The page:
At Home: Gun registry data given to polling firm
Personal information from Canada’s gun registry has been given to a polling firm?and some gun owners are unhappy about that.
As the CBC reports, the RCMP shared personal information from the national gun registry with Ekos Research. The data was used to conduct a research study; specifically, ?to gauge gun owners? satisfaction with the RCMP’s firearms program.?
But when gun owners started getting phone call from Ekos, many were upset to learn that their personal details had gone beyond their gun registry file.
Greg Farrant, of the Ontario Federation of Anglers and Hunters, noted to reporters that the move went well beyond public safety.
?What the heck a polling firm is doing with information about names, addresses and phone numbers of people who own firearms in this country so they can contact them for a poll is beyond me,? he said.
Police explained the move by saying that the polling firm was acting ?as an extension of the RCMP,? and that personal data will either be returned to police or destroyed when Ekos is done with it.
However, concerns remain about just how secure the private details in the gun registry really are, with observers noting that the data could be a tempting target for criminals.
In Foreign News: Australia sees doubling of boys? obesity rates
In Australia, the number of ?simply overweight? boys did not rise between 1995 and 2007. But the proportion of boys considered clinically obese has doubled for the same period, and that has health experts calling for action.
The Sydney Morning Herald reports that boys? obesity rates rose to 13 per cent (in the 13 to 17 age group) and 8 per cent for those aged five to 12. The statistics were released in a quarterly report from the Bureau of Statistics. Obesity levels for girls during the same period remained unchanged.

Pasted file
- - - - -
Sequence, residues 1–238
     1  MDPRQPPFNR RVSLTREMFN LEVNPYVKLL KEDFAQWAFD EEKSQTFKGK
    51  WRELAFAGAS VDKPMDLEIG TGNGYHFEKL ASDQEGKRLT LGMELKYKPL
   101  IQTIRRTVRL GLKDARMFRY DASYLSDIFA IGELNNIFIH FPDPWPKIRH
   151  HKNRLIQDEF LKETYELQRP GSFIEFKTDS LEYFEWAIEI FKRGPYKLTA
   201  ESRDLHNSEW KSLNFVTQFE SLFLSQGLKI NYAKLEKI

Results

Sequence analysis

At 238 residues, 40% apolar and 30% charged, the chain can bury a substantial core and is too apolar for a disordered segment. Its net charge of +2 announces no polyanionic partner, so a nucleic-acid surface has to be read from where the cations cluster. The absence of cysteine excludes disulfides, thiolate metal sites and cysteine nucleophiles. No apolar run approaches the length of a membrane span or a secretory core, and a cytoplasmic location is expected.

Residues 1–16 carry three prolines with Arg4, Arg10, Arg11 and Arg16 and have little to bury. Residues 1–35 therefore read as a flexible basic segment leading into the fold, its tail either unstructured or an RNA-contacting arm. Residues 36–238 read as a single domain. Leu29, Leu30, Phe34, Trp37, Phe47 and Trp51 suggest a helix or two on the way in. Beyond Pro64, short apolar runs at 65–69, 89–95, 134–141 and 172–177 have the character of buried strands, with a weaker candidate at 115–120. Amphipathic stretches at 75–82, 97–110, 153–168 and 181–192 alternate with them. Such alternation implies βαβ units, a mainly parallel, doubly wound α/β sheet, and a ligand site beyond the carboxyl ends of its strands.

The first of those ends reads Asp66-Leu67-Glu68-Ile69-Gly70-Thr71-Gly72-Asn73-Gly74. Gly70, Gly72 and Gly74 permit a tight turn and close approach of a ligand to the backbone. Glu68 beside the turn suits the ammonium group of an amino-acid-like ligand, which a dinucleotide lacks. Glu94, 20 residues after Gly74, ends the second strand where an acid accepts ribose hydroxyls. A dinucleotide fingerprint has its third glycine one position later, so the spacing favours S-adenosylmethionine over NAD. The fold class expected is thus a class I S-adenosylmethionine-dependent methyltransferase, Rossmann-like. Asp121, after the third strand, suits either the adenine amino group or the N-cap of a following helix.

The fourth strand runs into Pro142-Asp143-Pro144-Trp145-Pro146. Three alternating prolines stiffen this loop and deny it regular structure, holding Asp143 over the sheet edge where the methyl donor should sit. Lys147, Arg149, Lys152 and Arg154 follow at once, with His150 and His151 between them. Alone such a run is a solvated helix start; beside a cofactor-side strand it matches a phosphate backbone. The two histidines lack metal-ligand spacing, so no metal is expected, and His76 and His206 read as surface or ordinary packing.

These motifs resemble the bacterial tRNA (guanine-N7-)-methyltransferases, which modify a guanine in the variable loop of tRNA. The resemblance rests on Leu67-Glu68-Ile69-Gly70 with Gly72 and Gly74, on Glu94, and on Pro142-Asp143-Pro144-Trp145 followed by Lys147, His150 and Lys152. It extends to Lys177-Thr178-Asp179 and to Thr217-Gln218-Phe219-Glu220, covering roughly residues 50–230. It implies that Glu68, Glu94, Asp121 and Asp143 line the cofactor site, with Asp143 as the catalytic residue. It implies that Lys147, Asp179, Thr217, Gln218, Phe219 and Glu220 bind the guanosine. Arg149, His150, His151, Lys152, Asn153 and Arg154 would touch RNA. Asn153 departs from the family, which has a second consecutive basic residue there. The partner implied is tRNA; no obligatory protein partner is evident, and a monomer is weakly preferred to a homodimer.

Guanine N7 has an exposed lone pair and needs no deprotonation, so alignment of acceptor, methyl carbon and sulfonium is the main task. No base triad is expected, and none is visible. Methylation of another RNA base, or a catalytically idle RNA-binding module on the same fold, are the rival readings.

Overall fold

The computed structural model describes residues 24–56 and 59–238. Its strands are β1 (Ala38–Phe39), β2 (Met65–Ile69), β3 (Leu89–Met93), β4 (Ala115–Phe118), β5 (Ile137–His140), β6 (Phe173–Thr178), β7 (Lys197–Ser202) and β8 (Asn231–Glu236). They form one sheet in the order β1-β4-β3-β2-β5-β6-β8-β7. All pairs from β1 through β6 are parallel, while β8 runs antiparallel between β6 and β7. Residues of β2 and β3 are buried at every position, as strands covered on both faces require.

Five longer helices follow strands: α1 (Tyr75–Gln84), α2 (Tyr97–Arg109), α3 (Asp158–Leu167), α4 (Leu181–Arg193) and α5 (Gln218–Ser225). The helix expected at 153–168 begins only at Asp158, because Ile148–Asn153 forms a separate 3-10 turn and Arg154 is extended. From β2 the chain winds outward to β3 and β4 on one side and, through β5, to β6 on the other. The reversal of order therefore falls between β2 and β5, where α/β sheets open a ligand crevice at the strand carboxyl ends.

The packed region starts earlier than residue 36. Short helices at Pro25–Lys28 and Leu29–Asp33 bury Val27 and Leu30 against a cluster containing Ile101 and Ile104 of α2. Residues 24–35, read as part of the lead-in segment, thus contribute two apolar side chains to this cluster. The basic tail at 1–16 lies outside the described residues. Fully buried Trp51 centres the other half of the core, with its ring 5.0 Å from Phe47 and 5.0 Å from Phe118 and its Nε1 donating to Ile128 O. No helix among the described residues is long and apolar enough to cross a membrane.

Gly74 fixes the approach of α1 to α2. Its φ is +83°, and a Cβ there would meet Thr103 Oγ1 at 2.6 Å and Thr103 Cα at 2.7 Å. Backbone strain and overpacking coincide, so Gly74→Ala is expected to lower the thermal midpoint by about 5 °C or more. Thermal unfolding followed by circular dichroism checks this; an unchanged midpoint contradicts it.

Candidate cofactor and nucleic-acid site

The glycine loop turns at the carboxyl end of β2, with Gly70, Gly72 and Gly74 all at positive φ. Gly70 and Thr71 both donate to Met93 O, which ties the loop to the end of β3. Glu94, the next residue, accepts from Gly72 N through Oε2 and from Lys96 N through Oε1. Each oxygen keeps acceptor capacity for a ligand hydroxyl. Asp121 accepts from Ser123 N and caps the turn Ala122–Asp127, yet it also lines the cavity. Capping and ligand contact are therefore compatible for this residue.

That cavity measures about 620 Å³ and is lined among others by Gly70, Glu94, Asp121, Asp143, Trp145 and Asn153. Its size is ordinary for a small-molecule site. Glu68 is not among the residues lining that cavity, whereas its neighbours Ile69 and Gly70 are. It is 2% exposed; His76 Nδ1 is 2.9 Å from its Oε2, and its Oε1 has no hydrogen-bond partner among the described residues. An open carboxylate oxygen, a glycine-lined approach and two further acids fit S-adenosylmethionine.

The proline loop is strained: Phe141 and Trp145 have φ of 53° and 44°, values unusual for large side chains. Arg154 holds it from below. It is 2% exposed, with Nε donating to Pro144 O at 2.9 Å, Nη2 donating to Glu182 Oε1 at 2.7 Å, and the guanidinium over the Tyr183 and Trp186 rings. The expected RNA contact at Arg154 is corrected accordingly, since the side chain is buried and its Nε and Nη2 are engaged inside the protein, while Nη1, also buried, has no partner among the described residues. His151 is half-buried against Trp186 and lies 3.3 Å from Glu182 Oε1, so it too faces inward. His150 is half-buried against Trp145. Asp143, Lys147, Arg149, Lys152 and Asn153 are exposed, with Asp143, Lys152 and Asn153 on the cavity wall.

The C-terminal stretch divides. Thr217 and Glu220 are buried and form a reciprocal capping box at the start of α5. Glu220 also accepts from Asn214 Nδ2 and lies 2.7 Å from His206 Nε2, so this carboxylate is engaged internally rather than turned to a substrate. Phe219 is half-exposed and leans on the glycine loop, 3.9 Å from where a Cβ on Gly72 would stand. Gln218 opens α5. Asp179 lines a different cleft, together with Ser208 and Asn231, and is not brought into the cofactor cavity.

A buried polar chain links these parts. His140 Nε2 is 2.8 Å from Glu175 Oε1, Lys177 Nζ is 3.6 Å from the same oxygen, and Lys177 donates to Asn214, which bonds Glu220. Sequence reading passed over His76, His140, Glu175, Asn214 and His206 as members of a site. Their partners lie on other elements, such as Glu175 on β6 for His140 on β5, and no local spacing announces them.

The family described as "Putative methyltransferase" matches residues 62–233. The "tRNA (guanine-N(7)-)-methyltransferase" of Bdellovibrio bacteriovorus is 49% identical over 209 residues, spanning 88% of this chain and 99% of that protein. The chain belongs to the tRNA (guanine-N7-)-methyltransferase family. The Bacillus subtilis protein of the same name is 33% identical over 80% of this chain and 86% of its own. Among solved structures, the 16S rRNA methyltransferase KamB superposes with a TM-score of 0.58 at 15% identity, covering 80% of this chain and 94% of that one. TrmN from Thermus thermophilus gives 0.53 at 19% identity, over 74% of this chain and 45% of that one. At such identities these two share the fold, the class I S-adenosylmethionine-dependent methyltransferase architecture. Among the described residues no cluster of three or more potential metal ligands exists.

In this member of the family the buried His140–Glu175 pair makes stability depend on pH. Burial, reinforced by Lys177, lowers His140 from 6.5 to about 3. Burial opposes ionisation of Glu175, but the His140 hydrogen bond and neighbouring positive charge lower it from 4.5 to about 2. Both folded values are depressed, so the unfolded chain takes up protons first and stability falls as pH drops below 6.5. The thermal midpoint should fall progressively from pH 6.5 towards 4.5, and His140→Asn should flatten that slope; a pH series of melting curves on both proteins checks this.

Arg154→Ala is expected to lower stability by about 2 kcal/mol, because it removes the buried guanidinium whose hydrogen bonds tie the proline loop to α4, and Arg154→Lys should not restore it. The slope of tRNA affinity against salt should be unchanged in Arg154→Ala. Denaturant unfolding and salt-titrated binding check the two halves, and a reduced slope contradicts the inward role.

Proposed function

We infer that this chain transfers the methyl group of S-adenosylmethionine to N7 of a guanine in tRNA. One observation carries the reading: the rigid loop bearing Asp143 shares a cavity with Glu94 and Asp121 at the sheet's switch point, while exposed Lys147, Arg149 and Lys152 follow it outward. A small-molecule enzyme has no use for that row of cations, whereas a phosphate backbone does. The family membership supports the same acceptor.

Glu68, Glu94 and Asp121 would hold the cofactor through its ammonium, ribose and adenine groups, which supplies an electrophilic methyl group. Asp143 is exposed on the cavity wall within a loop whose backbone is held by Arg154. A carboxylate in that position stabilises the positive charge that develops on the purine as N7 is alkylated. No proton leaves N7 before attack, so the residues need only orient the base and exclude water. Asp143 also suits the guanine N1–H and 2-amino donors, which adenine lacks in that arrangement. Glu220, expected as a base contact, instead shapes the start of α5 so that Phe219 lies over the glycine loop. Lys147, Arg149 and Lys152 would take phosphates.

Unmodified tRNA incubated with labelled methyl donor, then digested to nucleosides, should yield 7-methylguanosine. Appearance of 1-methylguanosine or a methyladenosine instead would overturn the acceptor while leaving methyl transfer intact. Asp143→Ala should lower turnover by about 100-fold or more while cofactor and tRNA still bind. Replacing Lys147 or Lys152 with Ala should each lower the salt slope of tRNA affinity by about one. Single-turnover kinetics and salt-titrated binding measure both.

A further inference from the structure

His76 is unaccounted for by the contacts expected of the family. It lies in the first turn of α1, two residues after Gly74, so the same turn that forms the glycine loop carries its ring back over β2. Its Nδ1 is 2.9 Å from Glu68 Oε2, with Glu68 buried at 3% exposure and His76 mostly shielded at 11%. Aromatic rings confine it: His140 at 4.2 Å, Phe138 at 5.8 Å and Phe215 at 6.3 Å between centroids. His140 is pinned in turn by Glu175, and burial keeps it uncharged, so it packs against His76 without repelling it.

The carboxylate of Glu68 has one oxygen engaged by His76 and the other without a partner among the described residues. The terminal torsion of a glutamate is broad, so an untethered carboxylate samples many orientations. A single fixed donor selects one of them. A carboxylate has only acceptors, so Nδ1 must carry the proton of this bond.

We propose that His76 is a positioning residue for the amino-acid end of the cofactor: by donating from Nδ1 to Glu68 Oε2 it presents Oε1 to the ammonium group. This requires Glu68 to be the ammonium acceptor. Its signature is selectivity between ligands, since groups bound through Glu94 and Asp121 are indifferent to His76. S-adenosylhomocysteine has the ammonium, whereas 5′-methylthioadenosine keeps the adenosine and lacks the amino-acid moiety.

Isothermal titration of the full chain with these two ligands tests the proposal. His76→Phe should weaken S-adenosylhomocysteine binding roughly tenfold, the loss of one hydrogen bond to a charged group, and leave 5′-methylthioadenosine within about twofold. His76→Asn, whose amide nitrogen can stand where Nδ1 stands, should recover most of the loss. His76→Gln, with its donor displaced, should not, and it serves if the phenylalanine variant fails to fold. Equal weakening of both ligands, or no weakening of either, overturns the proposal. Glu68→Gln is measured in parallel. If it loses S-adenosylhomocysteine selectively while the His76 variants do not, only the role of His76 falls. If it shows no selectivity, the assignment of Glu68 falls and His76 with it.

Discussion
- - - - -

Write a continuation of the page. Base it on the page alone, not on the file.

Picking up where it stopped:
As many as 25 per cent of children across the nation are overweight or obese, according to the National Health Survey, which means they have a higher risk of Type 2 diabetes, cancer, and heart disease.
To control the rising obesity levels in boys, some experts say a broadly focused approach is needed and that other methods, ?such as counselling by GPs or after-school sports groups,? were not effective. One suggestion has been to ban TV ads for junk food during certain hours. The National Preventative Health Taskforce, a federal initiative, recommends banning ads for ?high-calorie foods low in nutritional value at times when children were likely to be watching.?
Preventing obesity in children, both in Australia and elsewhere, could have a profound effect on health care costs in the future. According to the World Health Organization, there are currently ?more than 1 billion overweight adults? worldwide, with at least 300 million considered obese.